PG Writing Group 07/05/12 Social Science South Rm 2204 Monday 12-1pm
The Bulwer-Lytton Literary Parody Contest awards a prize each year to the most deliberately terrible opening paragraphs to novels. It was named after Victorian novelist Bulwer-Lytton, who opened a novel in 1830 with the paragraph “It was a dark and stormy night; the rain fell in torrents — except at occasional intervals, when it was checked by a violent gust of wind which swept up the streets (for it is in London that our scene lies), rattling along the housetops, and fiercely agitating the scanty flame of the lamps that struggled against the darkness.”
Clearly, even though Bulwer-Lytton was writing fiction, he could have benefited from advice about what constitutes a good paragraph. I always balk though when I read advice for research students that states with a sense of absolute authority what an academic paragraph should look like. The truth is there is no one-size-fits-all paragraph style. Many paragraphs don’t fit the classic recommended style but are nonetheless perfectly good paragraphs. My advice to students is to understand the principles but don’t think to hard about them as you are writing. Only apply them consciously when you are faced with a collection of sentences that you can’t seem to combine into a coherent paragraph. (My only exception to this advice is if students are writing paragraphs like those found in the Parody Contest, and then I think writing from first principles is probably warranted….).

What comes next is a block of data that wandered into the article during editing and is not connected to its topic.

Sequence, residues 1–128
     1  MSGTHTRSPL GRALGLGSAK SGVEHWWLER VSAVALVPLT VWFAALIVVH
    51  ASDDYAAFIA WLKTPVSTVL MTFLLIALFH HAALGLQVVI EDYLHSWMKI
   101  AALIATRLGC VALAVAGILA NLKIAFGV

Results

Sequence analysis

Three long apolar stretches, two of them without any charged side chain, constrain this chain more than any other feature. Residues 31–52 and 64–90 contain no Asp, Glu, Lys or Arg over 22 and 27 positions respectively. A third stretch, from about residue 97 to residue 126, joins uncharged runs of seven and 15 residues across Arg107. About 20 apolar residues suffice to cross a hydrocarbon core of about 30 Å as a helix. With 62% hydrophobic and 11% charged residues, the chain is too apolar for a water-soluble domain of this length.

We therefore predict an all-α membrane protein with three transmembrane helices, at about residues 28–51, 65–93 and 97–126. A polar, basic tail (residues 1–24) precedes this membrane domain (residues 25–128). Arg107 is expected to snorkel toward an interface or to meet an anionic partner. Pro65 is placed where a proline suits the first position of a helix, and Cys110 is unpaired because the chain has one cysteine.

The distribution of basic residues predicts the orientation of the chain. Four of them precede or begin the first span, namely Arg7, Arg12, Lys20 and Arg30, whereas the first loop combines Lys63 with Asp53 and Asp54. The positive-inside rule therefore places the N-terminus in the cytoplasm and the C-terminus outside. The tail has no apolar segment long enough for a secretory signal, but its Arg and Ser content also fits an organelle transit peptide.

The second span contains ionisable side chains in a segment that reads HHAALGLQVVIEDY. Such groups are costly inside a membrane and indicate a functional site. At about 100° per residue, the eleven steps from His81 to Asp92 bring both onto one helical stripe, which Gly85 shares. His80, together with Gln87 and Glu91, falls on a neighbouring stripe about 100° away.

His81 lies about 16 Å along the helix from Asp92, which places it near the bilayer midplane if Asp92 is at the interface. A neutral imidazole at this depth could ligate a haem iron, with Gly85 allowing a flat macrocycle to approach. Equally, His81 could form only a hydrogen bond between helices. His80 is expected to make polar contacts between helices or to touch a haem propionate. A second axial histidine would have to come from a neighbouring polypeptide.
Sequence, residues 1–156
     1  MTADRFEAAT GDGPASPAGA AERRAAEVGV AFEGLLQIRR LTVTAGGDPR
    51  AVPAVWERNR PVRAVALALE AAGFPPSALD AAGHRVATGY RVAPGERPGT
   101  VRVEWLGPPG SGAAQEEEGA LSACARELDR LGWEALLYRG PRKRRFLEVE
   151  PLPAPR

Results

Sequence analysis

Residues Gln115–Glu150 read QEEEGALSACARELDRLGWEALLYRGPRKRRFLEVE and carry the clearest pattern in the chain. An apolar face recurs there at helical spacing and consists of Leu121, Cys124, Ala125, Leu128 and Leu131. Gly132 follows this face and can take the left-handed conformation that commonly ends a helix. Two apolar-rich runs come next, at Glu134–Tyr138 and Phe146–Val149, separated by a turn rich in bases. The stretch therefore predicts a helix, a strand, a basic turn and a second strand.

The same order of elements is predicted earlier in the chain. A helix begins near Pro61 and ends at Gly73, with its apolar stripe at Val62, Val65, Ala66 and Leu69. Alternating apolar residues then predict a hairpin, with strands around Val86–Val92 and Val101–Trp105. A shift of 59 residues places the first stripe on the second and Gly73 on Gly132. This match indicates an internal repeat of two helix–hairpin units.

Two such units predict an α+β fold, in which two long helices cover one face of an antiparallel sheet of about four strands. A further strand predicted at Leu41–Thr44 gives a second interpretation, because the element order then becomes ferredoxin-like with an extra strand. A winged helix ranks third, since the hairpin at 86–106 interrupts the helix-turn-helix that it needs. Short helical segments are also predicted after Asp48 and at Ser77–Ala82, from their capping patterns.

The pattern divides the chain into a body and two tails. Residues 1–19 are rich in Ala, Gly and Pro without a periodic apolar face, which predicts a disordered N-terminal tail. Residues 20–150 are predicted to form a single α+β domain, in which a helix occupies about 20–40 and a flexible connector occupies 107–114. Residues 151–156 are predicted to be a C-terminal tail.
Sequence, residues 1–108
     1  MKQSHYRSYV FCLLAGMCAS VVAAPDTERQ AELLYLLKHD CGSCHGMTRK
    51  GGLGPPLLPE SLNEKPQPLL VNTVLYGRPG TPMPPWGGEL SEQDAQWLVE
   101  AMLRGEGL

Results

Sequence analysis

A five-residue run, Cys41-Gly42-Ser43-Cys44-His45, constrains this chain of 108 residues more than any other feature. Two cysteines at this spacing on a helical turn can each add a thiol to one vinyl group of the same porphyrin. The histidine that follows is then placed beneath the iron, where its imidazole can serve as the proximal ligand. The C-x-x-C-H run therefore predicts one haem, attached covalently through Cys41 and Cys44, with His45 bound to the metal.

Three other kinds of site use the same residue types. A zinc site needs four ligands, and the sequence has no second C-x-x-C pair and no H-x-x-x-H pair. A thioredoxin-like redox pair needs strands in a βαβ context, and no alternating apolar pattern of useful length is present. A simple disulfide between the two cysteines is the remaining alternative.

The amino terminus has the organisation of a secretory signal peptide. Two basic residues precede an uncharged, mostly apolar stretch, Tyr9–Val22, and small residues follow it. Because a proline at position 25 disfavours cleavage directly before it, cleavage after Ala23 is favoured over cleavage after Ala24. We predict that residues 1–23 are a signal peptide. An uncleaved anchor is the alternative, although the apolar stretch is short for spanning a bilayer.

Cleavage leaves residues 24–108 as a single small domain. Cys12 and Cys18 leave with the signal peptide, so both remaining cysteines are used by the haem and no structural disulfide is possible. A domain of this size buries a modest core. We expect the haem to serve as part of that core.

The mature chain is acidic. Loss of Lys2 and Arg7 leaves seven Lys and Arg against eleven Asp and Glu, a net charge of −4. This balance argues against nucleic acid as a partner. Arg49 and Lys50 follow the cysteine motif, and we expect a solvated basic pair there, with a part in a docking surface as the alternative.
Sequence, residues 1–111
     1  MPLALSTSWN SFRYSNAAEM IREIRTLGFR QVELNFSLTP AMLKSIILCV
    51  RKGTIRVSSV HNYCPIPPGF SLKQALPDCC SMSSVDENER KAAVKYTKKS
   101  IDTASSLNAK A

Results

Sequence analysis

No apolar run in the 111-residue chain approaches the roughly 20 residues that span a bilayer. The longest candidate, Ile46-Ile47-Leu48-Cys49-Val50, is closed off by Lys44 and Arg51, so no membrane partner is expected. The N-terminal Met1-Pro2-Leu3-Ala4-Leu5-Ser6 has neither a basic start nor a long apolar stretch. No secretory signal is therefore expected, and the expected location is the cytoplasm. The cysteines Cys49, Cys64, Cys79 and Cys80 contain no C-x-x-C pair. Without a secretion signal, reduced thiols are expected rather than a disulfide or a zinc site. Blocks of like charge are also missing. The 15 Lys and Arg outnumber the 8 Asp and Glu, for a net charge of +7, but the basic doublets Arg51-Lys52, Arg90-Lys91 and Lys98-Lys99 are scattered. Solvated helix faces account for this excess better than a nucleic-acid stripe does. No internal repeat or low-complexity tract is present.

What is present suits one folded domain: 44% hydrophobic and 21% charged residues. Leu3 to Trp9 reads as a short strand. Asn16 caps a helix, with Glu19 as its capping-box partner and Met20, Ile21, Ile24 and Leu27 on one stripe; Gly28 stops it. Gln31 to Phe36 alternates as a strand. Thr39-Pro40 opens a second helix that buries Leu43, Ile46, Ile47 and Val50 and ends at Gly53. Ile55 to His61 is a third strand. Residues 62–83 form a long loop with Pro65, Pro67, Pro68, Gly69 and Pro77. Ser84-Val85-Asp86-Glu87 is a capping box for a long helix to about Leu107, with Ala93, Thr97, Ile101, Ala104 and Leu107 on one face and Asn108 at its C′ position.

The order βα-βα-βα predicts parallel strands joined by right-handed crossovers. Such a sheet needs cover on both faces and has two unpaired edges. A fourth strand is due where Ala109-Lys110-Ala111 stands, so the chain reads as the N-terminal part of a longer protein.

My tips for revising a problematic paragraphs are too:
- Understand the value of a topic sentence. This sentence is usually the first sentence in a paragraph, is short, and indicates the topic the paragraph is focused on. The topic sentence forms a foundation for the reader that they can subsequently layer with detail from the subsequent sentences. Without this foundation, the reader is left to hold details in their head until they reach an understanding of what topic this information relates too.
- Ensure your paragraph links to the previous paragraph in some way and this link is made explicit to your reader. If you leave these links out, you are requiring the reader to work hard to make them for you, and they may not necessarily infer the correct link.
- Lead your reader through your paragraph with sentences that link together and are organised in some way. For example, order your paragraphs from general to specific, in temporal sequence, or in order of importance. Sentences are often linked because they have a specific term in common. So don’t change terms to avoid repetition – it can reduce the coherence of two linked sentences.
- When using transitions and connectives, make sure you use the right ones. These words act as signposts for readers, and incorrect use can obscure your meaning significantly by leading them down a different path of thought than the one you wanted to them travel along.
For more support for paragraph writing see:
- RMIT’s Study and Learning Centre Online Paragraph Tutorial
- PurdueUniversity’s On Paragraphs
- List of Connectives and Transition words
For more really funny bad starting paragraphs of novels see Innocent English
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